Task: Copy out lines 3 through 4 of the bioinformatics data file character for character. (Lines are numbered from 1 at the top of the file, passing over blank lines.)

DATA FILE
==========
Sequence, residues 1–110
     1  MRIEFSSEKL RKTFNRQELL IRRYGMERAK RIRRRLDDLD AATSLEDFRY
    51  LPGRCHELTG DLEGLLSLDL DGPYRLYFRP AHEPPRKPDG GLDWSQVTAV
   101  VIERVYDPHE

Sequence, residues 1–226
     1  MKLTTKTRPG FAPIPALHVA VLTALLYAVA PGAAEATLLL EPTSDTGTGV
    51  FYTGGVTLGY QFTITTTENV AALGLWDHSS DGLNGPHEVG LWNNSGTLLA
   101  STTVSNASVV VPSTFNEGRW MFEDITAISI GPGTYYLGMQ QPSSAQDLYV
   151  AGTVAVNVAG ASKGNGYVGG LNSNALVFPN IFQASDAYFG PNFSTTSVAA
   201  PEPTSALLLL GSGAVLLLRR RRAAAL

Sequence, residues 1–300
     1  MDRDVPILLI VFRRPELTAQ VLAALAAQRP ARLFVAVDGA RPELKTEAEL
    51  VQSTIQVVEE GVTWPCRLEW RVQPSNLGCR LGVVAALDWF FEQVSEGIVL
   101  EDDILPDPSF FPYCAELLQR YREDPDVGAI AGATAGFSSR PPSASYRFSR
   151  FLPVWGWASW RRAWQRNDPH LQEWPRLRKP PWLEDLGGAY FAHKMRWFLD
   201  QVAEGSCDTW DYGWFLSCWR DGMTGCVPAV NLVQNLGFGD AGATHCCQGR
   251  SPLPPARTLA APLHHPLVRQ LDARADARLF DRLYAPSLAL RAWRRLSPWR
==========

    51  LPGRCHELTG DLEGLLSLDL DGPYRLYFRP AHEPPRKPDG GLDWSQVTAV
   101  VIERVYDPHE